Circular economy in the industrial<br />

production process<br />

Topics H 2<br />

, Synthetic Fuels, Water,<br />

Solar & Photovoltaics, Wind Power,<br />

Bioenergy, Geothermal Energy, Battery<br />

<strong>Technology</strong>, System Integration and<br />

other alternative options<br />

<strong>drinkworld</strong> <strong>Technology</strong> + <strong>Marketing</strong> · June <strong>2023</strong><br />

Dr. Harnisch Verlags GmbH · Eschenstr. 25 · 90441 Nuremberg · Tel.: +49 (0) 911 - 2018 0 · info@harnisch.com · www.harnisch.com<br />

37


<strong>Marketing</strong><br />

Nearing the finish line: Vetropack<br />

Starts up Furnaces in New Plant in<br />

Northern Italy<br />

After a construction period of one and a half years, glass manufacturer Vetropack has<br />

begun the process of heating up the two melting furnaces at the new Boffalora sopra<br />

Ticino plant in Italy. The furnaces will be gradually brought up to temperature and filled<br />

over the course of several days in preparation for the start of production. Upon its official<br />

inauguration in October <strong>2023</strong>, Vetropack’s new high-tech plant will be producing up to 70<br />

percent more glass than the previous plant, while maintaining maximum flexibility and<br />

sustainability.<br />

Vetropack Italia S.r.l., a subsidiary<br />

of the Vetropack Group, has been<br />

producing glass packaging in Trezzano<br />

sul Naviglio in northern Italy. Now the<br />

company is relocating production to its<br />

new state-of-the-art facility in Boffalora<br />

sopra Ticino, located 25 kilometers<br />

away. Vetropack has invested more than<br />

CHF 400 million in the new production<br />

site, in order to stay ahead of rising<br />

demand in the Italian market and<br />

meet increased quality requirements.<br />

"The Italian market, with its many<br />

global brands, plays a major role in our<br />

strategy," explains Johann Reiter, CEO<br />

of the Vetropack Group. "With the start<br />

of the commissioning phase, we have<br />

reached an important milestone in Italy.<br />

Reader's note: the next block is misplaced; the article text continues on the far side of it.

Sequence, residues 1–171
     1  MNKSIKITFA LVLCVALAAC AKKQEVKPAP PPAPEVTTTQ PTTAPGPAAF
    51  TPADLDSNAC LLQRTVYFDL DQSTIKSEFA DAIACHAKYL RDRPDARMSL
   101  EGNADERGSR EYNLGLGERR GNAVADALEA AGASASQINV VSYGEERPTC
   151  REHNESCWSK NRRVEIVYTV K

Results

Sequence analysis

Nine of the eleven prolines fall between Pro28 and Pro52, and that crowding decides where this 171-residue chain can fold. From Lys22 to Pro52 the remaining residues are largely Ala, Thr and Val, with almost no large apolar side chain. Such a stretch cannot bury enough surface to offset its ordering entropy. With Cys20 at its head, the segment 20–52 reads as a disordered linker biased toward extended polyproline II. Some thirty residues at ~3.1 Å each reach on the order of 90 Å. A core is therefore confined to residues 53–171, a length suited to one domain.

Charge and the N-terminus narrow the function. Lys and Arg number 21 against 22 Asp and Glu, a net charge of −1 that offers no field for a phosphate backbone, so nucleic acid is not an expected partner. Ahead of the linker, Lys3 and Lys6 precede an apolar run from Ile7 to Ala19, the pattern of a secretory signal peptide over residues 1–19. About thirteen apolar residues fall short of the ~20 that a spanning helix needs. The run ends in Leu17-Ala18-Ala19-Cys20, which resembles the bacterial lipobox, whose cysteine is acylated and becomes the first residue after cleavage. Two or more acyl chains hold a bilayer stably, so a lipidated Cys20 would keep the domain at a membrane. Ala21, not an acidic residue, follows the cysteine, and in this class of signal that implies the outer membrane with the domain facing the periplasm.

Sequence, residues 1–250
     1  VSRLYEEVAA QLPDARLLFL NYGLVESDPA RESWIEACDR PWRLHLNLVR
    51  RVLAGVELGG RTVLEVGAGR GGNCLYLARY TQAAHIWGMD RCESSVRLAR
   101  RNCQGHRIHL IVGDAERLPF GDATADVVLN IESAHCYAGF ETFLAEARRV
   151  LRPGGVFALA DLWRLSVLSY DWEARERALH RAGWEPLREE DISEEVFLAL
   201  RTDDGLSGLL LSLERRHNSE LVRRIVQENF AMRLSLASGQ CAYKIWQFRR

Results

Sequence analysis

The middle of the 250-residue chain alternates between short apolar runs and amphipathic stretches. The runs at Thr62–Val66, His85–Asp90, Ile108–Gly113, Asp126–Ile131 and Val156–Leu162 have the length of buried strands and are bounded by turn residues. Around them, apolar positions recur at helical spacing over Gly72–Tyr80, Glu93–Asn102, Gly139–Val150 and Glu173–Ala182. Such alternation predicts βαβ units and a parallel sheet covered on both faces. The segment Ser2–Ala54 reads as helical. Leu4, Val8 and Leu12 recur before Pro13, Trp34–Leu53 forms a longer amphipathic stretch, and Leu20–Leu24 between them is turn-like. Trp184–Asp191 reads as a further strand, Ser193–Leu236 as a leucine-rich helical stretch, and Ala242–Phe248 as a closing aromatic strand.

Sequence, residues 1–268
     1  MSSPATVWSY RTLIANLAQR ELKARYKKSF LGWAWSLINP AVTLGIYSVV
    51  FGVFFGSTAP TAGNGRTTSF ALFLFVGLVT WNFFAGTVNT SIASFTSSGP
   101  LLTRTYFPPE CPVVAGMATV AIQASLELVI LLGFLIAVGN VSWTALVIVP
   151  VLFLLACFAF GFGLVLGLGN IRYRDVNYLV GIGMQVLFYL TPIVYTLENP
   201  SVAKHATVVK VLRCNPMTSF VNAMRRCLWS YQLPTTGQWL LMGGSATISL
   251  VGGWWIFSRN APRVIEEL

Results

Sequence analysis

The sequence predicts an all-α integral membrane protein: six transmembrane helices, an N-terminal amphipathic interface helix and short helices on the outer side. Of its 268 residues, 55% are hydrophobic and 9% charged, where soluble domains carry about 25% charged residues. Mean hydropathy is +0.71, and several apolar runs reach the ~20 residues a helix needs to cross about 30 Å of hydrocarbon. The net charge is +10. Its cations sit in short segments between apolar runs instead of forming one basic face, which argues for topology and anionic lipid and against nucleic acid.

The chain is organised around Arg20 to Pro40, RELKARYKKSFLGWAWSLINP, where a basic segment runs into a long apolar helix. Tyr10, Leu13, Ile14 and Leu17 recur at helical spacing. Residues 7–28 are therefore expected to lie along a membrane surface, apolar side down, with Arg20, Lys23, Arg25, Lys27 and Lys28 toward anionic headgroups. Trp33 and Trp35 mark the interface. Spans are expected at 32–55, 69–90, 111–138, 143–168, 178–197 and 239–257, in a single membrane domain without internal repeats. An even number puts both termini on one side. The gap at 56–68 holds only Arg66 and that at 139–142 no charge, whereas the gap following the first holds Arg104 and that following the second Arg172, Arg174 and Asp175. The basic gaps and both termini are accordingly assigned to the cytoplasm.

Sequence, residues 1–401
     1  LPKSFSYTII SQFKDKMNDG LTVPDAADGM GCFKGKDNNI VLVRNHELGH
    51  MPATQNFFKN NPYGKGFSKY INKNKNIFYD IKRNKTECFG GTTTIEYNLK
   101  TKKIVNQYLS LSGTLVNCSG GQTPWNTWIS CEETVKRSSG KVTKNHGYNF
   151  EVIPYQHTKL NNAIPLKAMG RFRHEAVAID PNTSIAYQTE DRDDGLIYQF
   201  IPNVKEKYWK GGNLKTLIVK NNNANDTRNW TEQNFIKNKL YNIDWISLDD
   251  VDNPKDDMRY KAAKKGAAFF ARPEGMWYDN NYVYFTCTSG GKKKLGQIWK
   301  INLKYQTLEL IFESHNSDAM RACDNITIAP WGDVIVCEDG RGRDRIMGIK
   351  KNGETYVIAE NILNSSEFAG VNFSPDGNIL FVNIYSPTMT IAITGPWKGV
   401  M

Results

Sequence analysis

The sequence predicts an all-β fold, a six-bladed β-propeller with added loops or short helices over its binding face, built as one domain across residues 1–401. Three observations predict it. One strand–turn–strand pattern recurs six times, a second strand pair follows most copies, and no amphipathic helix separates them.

Even though there are still a few steps<br />

to go before production starts – we are<br />

approaching the finish line."<br />

The state-of-the-art filtration system in Boffalora sopra Ticino keeps up with the size of the production facilities – and is expected to noticeably reduce dust<br />

and nitrogen oxide emissions.<br />

38


<strong>Marketing</strong><br />

Using energy with precision<br />

Prior to heat-up, Vetropack conducted<br />

a "cold" acceptance inspection of the<br />

new furnaces in Boffalora, both outside<br />

and inside. The subsequent 24-hour test,<br />

also carried out "cold", confirmed that<br />

the furnace equipment is functioning<br />

optimally. On May 22, the first furnace<br />

was fired up, with the second furnace<br />

following a few weeks later. Initially,<br />

external burners are firing the furnaces.<br />

This process takes a total of 14 days: "The<br />

furnaces must be heated up from room<br />

temperature to 1550 degrees Celsius<br />

in a precise and controlled manner.<br />

We follow a previously calculated<br />

heating curve to prevent the furnaces<br />

from suffering any damage," explains<br />

Christoph Burgermeister, project<br />

manager at Vetropack. "In addition,<br />

the refractory material expands as a<br />

result of the heating, so we have to<br />

continuously adjust the pressure pins<br />

With 347,000 m2, the new plant in Boffalora sopra Ticino is one of the largest in the Vetropack Group.<br />

in the steel structure during this step of<br />

the process."<br />

Once the furnaces have reached an<br />

internal temperature of approximately<br />

1050 degrees Celsius, the furnace<br />

burners are activated to raise<br />

the temperature to 1550 degrees<br />

Celsius. Filling begins with waste<br />

glass cullet, which not only saves<br />